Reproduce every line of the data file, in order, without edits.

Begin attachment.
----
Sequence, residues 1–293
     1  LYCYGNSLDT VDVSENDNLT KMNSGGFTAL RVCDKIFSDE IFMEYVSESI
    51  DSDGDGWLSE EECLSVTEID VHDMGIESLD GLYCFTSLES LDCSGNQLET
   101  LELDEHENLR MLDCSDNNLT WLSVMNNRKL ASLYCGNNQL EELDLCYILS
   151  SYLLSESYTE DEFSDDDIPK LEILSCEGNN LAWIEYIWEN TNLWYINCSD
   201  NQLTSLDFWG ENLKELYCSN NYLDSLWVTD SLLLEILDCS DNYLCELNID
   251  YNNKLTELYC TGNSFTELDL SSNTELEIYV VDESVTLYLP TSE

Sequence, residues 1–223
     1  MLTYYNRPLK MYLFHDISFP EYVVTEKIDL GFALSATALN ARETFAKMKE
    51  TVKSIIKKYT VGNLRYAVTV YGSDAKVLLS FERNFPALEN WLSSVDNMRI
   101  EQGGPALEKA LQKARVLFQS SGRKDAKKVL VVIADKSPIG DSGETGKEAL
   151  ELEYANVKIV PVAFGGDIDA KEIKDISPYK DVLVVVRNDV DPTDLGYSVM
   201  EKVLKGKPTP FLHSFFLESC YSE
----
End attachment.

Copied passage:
Sequence, residues 1–293
     1  LYCYGNSLDT VDVSENDNLT KMNSGGFTAL RVCDKIFSDE IFMEYVSESI
    51  DSDGDGWLSE EECLSVTEID VHDMGIESLD GLYCFTSLES LDCSGNQLET
   101  LELDEHENLR MLDCSDNNLT WLSVMNNRKL ASLYCGNNQL EELDLCYILS
   151  SYLLSESYTE DEFSDDDIPK LEILSCEGNN LAWIEYIWEN TNLWYINCSD
   201  NQLTSLDFWG ENLKELYCSN NYLDSLWVTD SLLLEILDCS DNYLCELNID
   251  YNNKLTELYC TGNSFTELDL SSNTELEIYV VDESVTLYLP TSE

Sequence, residues 1–223
     1  MLTYYNRPLK MYLFHDISFP EYVVTEKIDL GFALSATALN ARETFAKMKE
    51  TVKSIIKKYT VGNLRYAVTV YGSDAKVLLS FERNFPALEN WLSSVDNMRI
   101  EQGGPALEKA LQKARVLFQS SGRKDAKKVL VVIADKSPIG DSGETGKEAL
   151  ELEYANVKIV PVAFGGDIDA KEIKDISPYK DVLVVVRNDV DPTDLGYSVM
   201  EKVLKGKPTP FLHSFFLESC YSE